Over the next few blog posts, I will share with you a series of posters I created demonstrating what meals might look like if we eliminated all foods that benefit from animal pollination. I’d like to use these posts as an opportunity to explore this topic in greater depth than could be accomplished in the original posters.
The first poster, “A Nutritious Breakfast,” depicts which items of the most important meal come from animal pollinated crops:
While the reasoning behind some of differences between the two meals are obvious (such as the lack of honey holding together those delicious clusters of oats), others are a little more cryptic.
The Bees and the Berries
Almonds are another crop dependent on bee visitation. They are one of the main agricultural exports of California (the top almond producer in the world). The Almond Board of California estimated that this crop generates $11 billion/year and 104,000 jobs for the California economy. If you drive through the San Joaquin Valley in late January, you will be surrounded by a sea of white and pink almond flowers- 900,000 acres, to be more exact. At a rate of two colonies per acre, the almond industry is a major driver of the high demand for honey bee hives nationwide.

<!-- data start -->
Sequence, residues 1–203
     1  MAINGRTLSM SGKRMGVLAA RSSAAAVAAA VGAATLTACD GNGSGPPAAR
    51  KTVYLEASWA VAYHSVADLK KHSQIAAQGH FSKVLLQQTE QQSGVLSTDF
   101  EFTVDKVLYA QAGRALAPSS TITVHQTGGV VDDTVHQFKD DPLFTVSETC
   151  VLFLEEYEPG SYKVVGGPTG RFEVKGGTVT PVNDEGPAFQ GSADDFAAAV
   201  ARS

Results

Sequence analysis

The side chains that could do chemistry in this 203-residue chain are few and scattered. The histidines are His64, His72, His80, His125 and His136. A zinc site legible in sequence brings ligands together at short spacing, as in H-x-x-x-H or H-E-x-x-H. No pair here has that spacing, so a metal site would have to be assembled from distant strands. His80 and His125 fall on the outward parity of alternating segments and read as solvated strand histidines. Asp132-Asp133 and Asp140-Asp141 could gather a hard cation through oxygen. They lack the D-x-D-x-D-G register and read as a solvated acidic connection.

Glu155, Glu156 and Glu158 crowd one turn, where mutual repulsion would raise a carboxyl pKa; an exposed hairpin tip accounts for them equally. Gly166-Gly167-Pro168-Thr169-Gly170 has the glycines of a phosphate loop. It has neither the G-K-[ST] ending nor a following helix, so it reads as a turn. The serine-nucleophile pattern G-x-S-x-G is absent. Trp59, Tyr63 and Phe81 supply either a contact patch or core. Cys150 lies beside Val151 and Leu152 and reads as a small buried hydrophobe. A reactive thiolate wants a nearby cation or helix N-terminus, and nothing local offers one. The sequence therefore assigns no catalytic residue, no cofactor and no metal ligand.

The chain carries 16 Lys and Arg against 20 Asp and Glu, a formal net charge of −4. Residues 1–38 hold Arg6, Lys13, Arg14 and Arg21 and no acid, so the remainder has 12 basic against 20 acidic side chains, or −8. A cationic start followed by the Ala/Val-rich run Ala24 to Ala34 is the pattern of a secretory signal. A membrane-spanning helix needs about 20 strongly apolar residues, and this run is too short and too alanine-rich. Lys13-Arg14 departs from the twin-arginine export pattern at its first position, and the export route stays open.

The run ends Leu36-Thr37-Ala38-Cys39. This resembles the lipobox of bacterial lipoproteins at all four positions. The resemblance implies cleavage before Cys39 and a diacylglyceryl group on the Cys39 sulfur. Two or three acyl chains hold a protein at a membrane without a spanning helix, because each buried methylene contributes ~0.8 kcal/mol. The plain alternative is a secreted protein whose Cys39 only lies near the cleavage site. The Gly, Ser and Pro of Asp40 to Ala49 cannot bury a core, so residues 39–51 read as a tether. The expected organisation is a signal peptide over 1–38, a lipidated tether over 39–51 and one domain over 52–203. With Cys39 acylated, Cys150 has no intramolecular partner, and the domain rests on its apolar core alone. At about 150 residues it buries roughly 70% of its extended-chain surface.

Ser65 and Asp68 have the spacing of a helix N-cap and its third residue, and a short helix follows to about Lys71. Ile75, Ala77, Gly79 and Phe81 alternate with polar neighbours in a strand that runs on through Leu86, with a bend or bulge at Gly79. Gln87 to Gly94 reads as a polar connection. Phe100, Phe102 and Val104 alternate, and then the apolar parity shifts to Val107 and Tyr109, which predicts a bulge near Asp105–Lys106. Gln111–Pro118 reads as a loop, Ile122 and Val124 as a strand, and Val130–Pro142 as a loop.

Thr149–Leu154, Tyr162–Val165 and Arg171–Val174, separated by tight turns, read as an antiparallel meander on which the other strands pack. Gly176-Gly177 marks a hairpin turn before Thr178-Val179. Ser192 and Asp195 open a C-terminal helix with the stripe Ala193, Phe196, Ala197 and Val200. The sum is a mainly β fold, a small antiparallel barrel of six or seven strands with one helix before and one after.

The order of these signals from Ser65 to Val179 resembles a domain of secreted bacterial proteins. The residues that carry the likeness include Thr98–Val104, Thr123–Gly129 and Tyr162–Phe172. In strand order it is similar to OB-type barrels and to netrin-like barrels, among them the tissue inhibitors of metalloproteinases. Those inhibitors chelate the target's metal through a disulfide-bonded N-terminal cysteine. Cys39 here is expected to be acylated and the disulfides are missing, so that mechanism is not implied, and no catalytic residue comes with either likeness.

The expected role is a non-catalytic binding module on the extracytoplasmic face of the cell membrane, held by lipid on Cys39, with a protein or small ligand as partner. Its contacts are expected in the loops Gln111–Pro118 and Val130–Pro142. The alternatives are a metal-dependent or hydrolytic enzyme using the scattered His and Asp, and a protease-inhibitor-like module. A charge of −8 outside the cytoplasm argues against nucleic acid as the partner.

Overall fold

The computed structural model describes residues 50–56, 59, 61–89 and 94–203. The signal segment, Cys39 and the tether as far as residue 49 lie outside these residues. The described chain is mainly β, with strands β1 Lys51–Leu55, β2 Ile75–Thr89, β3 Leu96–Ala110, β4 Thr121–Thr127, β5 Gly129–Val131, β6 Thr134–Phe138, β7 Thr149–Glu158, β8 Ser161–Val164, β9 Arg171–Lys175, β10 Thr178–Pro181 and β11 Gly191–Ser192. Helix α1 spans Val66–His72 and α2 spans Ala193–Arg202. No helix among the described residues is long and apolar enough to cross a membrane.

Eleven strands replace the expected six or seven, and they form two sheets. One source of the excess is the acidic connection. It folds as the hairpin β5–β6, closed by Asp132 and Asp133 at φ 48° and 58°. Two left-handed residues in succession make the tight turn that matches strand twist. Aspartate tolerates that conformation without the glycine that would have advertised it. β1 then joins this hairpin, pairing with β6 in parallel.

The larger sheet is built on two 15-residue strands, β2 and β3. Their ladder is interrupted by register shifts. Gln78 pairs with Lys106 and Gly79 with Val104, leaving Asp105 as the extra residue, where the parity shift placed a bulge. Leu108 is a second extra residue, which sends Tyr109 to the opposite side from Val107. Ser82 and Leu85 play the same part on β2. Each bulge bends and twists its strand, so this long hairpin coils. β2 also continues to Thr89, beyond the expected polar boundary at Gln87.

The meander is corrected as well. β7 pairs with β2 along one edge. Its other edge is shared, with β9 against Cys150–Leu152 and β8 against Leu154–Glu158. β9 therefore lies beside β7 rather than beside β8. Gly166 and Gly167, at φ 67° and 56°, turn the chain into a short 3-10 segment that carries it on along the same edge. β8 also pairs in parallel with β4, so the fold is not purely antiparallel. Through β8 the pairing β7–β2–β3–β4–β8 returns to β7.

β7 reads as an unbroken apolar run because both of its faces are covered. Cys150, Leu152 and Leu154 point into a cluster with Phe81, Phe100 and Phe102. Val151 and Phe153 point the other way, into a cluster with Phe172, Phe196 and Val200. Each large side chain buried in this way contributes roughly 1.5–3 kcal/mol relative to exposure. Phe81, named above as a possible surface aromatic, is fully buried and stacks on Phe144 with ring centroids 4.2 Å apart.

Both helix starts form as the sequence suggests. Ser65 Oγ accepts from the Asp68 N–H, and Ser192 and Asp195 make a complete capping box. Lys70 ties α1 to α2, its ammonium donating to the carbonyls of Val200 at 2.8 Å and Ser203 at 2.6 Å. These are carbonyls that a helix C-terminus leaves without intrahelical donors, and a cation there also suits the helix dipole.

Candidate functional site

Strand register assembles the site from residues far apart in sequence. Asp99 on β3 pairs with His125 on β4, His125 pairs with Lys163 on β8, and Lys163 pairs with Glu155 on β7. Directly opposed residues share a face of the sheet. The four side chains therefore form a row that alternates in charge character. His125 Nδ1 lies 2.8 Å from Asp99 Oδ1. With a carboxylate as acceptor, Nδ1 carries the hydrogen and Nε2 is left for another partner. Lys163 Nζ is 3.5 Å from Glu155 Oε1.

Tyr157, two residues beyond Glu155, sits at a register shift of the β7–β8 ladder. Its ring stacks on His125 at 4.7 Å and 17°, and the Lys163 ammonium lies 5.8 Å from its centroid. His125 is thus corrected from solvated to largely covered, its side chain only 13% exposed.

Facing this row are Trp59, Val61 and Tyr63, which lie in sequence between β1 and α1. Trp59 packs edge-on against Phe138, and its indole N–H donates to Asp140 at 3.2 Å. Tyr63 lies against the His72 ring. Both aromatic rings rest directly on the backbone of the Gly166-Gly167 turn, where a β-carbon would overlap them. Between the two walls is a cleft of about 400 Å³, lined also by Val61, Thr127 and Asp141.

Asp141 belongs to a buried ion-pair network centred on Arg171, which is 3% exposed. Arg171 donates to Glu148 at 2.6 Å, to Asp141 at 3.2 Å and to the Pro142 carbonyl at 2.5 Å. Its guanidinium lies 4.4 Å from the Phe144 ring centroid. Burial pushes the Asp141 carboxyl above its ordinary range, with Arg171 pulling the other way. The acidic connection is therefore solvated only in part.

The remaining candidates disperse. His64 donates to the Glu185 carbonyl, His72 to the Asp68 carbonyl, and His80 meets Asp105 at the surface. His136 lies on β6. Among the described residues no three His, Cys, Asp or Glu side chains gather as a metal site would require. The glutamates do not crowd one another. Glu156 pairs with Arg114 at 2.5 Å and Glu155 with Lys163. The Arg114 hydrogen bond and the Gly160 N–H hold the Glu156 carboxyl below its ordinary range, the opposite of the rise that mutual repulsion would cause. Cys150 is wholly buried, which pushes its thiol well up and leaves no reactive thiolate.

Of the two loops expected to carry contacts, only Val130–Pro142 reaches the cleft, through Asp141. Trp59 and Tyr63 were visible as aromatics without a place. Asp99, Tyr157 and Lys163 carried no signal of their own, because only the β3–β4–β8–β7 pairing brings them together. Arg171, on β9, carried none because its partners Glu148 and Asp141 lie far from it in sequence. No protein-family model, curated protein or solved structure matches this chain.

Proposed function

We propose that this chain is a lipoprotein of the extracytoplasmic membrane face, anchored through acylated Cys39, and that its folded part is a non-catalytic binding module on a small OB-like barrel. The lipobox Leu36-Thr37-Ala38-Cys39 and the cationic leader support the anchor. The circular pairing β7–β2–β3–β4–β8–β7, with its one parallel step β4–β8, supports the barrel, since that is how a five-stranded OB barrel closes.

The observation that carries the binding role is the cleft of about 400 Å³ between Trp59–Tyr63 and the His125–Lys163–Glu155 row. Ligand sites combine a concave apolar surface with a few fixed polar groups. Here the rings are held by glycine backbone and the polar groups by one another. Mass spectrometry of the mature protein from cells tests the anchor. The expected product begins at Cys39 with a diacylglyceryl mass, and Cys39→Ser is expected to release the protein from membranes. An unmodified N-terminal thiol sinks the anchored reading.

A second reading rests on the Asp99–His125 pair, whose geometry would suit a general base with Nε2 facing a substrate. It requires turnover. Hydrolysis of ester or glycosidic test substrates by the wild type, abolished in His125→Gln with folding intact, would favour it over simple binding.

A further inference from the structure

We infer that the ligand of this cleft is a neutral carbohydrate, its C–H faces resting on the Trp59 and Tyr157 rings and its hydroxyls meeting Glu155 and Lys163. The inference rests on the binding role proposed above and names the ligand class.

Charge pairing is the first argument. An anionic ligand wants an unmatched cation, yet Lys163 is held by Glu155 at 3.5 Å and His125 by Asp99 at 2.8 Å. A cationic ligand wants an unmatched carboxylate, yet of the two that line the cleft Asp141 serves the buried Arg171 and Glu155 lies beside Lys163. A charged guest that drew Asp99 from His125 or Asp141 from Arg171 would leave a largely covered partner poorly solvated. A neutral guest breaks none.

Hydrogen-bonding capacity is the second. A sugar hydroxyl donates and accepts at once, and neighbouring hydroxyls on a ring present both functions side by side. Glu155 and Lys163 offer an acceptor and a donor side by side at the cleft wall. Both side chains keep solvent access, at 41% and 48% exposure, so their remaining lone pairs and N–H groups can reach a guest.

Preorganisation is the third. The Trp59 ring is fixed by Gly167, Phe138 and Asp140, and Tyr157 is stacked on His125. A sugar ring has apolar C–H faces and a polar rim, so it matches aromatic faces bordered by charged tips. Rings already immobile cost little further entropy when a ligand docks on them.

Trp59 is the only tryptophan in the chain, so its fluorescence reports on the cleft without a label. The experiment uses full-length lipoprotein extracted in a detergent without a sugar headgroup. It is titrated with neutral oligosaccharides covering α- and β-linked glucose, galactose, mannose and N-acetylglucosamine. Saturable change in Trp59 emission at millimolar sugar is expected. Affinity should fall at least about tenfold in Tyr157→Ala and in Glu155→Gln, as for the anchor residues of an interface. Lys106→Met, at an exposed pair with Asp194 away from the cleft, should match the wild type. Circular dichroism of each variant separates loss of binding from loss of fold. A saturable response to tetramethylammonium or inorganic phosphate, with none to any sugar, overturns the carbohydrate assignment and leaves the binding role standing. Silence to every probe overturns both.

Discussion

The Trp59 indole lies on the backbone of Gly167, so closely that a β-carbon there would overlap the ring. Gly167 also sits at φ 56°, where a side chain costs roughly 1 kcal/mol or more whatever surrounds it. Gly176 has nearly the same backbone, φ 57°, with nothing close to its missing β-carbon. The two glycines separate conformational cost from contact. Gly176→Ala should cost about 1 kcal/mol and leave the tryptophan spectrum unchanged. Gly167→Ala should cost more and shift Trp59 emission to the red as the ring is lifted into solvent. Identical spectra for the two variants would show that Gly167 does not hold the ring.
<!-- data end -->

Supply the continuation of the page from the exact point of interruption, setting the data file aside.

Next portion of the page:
Pollinators and Nutrition
Hopefully I’ve convinced you that without animal-pollinated foods, your breakfast wouldn’t be as delicious. Believe it or not, your breakfast would be less nutritious as well.
Crops that benefit from animal pollination are responsible for 90% of the world’s supply of Vitamin C, and the antioxidants β-cryptoxanthin and β-tocopherol. In addition, the majority of Vitamin A, plant-based lipids, calcium, fluoride, and a large portion of folic acid comes from animal-pollinated crops (Eilers et al. 2011).
Animal pollinators do more than just increase the quantity of nutritious crops. In some cases they increase the nutritional quality of the food as well. For example, in addition to being a good source of vitamin E, almonds are considered a health food because of their high levels of oleic acid. Bee pollination not only increases total almond yield, but also the ratio of oleic acid to linoleic acid in the resulting fruit (Brittain et al. 2014).
To summarize: Without pollinators your breakfast would be less colorful, less delicious, and less nutritious.
But wait! It’s more complex than that…
Okay, hopefully the length and detail of information in this post haven’t discouraged you from reading this blog altogether! Up next is lunch: an apple, a chocolate chip cookie, and a slice of sausage and pepper pizza. You may have noticed that in the “without pollinators” photo, our granola is looking particularly dry. Stay tuned for an explanation!